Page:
My dream home is for sale and, unbeknownst to me, it is just up the road from where I live.
About ten years ago a slew of books began to be published on Australian architecture. One of the books that was very popular at the time wasLocal Heroes: Architects of Australia’s sunshine coast. It featured the work of architects from this tiny region who were defining a very Australian style: Gabriel Poole, John Mainwaring and Kerry and Lindsay Clare.
I like this style of architecture. I would say it’s more of an Australian style than just Sunshine Coast – it uses light materials, lots of outdoor space and windows, and there’s usually a bit of corrugated iron thrown in somewhere. It’s worlds away from the houses of those “little boxes” estates that line the highway to Brisbane. You know the ones I mean, the houses fill up the entire block of land, are rendered brick and have no eaves. Can you believe that they build houses with no eaves in Queensland? It’s crazy. But anyway, I digress.
So we have the books and the emergence of a Sunshine Coast architectural style and around this time the aforementioned Sunshine Coast architects were winning design prizes. One of these design winners is my dream house – and I saw in the Weekend Australian Magazine’s Dream Homes section that it’s up for sale.
The house in question is known as Araucaria (or the Hammond Residence). It was built in 1994 and won both the Robin Dods Award and National Robin Boyd Award in 1995 for the architects, Kerry and Lindsay Clare.
I fell in love with this house when I first saw it featured in the local papers at the time. I loved its simplicity. It is a one-bedroom, open plan, 80 square metre box. The windows all around give uninterrupted views to the Pacific Ocean. It has a little bit of Aalto-influenced slat action going on with the lightweight dividers that separate the bedroom from the rest of the living space.
Also, I’m a sucker for plywood (despite all its noxious glues) and love when it’s used well as lining – which it is in this house. The black beams of the open ceiling give it a bit of a Japanese minimalist feel. And finally, it has a little north-facing entrance deck to watch the sun come up (over the ocean-edged view, I would assume).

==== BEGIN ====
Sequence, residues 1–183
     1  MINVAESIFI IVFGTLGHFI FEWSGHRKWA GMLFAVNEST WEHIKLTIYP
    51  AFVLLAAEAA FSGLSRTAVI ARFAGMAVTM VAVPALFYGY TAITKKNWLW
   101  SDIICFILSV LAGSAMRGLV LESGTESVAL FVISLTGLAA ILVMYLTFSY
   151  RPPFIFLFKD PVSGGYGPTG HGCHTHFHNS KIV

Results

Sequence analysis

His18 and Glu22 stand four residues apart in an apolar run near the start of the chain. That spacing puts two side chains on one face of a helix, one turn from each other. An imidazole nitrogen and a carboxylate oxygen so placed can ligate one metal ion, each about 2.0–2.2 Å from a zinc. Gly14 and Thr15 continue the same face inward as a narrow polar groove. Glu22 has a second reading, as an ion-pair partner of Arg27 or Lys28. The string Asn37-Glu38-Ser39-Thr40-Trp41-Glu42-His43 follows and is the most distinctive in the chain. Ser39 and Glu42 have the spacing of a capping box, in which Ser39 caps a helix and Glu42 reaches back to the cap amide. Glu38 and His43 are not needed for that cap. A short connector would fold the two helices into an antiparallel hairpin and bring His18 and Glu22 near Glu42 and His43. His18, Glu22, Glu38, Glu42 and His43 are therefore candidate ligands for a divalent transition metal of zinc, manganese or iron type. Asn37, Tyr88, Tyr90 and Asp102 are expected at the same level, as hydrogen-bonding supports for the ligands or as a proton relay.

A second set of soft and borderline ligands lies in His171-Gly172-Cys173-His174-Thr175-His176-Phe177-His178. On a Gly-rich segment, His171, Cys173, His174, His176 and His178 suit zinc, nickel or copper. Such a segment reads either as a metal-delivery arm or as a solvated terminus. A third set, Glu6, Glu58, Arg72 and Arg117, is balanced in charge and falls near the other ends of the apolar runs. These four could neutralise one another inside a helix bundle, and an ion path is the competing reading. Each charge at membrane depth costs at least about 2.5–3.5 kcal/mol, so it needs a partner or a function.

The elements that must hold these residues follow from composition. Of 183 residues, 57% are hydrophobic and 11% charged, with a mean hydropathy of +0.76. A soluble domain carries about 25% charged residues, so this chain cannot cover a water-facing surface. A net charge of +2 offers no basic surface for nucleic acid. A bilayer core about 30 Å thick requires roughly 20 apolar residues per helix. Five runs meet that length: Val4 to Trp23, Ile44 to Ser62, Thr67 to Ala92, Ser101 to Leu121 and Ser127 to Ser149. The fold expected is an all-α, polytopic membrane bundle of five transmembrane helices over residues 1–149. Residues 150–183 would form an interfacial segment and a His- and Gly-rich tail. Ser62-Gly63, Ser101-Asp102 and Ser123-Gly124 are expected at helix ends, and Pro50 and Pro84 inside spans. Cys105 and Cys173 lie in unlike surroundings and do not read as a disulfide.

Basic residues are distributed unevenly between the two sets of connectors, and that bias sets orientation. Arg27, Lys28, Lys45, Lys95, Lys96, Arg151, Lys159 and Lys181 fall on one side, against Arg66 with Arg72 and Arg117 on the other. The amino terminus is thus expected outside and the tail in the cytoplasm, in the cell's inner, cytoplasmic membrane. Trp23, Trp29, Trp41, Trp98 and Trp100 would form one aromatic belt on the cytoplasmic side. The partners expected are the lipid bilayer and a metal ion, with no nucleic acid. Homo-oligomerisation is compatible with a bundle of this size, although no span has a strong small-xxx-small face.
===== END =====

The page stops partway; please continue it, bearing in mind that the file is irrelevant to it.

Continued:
Besides the aesthetics of it, this house also included design features that were probably not all that common 15 years ago. Due to its remote location, it has its own water supply (tanks) and electricity (solar), with heating needs supplemented by bottled gas and a combustion burner. And importantly, no air conditioner is needed here with the windows allowing natural airflow and the big eaves providing shade.
I love it. Sigh.
Now the really weird thing about this house is its location. I mentioned that it’s on the side of a mountain that looks over the coast. Well, that mountain is at the back of our house. It’s the one I look at everyday.
And while I knew that my dream house was on the Sunshine Coast, I didn’t know it was so close, and I certainly didn’t know about it when I moved here four years ago. (I actually thought it was on the road that goes down to the coast – about 10km away.)
So, I’m just weirded out by having this object of desire from so long ago turning up in my backyard. The universe works in mysterious ways. (Tee hee)
If you’ve go a spare A$765,000 then you may want to throw your hat in the ring for a design classic that has my approval. Ie Yes, I will come and drink beers on the deck with you. It’s way out of my budget, but I still find it inspiring and the features I love are really accessible and could be implemented here at The Palace (when I have the inclination). Perhaps I’d add a little fibro to make it a truly Australian home.